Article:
Peter's z80.eu site blog
Commodore 8032 with CP/M ? Unbelievable, but true... 
Sunday, October 12, 2014, 06:00 PM
Posted by Administrator

As you can see, there was an "expansion" board with a Z80 cpu for the CBM 8032.
Madison Computer build a board named "Z-RAM". But it wasn't only a RAM expansion. It was also a CPU addon board, running CP/M 2.2. The disk format still used GCR coding, means the 6502 was still used for I/O operations, similar to the C64 running CP/M with the Z80 cartridge.
This wonderful but rare expansion was seen at the Classic Computing in Schoenau, Germany, a few days ago. Data Becker sold this as "CP/Maker" in Germany in 1982/1983.
For more information about the expansion board, visit Mike Naberezny's Site, see below "related link"...

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TI Programmer 
Tuesday, September 9, 2014, 09:06 PM
Posted by Administrator
The TI Programmer was a real unusual calculator, because it can calculate also with hexadecimal and octal numbers, means not only add and substract, but also bit operations like AND, OR, XOR or SHIFT. This was one of the earliest devices of it's kind, although it was not the first (the SR-22 was the first). But it's still worth to be presented, also because not many was sold since it's debut in 1977. Technically it's very similar to the TI-30.

It's funny to look what the calculator does after a bit idle time. Something is running through the display ...

(it was too much work to animate all 8 possible dots, but all 8 positions are used)
See also the related link for more information.
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Andrew Kay passed away, one of the greatest computer pioneers of the 80s 
Saturday, September 6, 2014, 07:21 PM
Posted by Administrator
Andrew Kay died yesterday in Vista, California. He got 95 years old.
See also for a homage at >NY Times<.
For an overview of the most known computers he designed, see also >my KAYPRO pages<.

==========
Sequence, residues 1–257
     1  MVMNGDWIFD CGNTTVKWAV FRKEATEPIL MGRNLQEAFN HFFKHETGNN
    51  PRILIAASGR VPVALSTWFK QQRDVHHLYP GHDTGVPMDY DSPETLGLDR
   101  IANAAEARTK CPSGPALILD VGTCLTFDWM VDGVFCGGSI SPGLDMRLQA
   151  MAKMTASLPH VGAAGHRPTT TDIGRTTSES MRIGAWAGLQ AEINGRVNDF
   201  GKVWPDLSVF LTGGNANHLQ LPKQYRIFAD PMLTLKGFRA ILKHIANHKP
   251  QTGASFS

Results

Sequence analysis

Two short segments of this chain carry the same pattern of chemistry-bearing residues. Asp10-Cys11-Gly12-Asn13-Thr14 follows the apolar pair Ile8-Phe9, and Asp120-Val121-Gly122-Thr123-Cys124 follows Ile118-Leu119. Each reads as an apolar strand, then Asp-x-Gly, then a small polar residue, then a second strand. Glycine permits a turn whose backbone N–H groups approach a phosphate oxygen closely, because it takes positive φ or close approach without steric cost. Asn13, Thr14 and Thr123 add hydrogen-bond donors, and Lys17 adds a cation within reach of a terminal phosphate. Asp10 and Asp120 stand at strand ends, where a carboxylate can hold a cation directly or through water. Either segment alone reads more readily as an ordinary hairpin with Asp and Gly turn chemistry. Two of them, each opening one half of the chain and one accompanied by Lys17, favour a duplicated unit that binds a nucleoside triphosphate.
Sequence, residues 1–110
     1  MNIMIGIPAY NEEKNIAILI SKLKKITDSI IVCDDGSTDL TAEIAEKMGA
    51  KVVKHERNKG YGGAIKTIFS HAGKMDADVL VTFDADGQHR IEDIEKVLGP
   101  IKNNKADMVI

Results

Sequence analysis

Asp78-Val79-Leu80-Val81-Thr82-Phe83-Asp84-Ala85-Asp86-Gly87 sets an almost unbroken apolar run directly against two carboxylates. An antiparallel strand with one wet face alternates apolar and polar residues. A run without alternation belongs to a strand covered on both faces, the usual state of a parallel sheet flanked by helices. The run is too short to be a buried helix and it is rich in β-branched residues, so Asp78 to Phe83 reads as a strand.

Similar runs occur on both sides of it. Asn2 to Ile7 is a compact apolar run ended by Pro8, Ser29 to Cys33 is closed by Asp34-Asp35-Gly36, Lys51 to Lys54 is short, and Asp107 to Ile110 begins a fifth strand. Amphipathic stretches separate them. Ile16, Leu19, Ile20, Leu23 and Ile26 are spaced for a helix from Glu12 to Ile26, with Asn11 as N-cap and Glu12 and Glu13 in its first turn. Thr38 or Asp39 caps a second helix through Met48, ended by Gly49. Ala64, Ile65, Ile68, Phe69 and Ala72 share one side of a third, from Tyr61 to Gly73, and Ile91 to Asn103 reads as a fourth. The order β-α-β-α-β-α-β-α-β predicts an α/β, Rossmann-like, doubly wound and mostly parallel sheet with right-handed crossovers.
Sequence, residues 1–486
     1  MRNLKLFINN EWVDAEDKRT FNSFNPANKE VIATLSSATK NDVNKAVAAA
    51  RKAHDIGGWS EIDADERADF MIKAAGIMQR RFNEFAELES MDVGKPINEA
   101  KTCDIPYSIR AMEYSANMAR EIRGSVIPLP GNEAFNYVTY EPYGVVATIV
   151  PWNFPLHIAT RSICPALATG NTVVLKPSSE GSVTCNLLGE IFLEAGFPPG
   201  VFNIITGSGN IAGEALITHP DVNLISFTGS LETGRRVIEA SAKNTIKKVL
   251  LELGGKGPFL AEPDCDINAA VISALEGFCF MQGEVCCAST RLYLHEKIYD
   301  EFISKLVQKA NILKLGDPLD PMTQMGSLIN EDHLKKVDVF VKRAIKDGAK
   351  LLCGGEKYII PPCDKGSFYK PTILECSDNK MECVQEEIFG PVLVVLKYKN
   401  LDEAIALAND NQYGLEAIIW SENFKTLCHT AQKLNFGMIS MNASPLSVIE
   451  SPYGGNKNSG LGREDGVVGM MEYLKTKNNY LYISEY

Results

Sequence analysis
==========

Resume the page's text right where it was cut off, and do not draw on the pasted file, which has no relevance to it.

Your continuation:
For a >recent photo of him<, visit the above mentioned NY Times page also.

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Offtopic but important: Campaign against PGP - hidden reasons ? 
Monday, September 1, 2014, 06:00 PM
Posted by Administrator

If you follow >Bruce Schneier's blog<, you will notice an >unusual entry<. He agreed with another blog entry about PGP from Matthew Green which was titled >"What's the matter with PGP?"<.
Matthew Green complained about usability and key management of PGP (... but mainly related with email), but he didn't gave any proof about a lack of (IT) security. Instead, he just spoke ill about using PGP and email in general.
If he is a cryptographer, why is he doing that ? I mean he can point his finger at real faults or errors, or at least weak spots in algorithms and methods. But he didn't.
He 's talking about cumpersome processes related with PGP. But it's related with the design of the "Web of trust". It's not really a fault.
Do you trust central key storages in cloud solutions ? That's awesome for secret services, because they will find standardized environments with large amounts of data at once, sure.
What is the alternative solution ? S/MIME for email ? Still not manageable for a "normal" user. Also, you have to trust a central provider you don't know (and may be a secret service has already access to that central provider).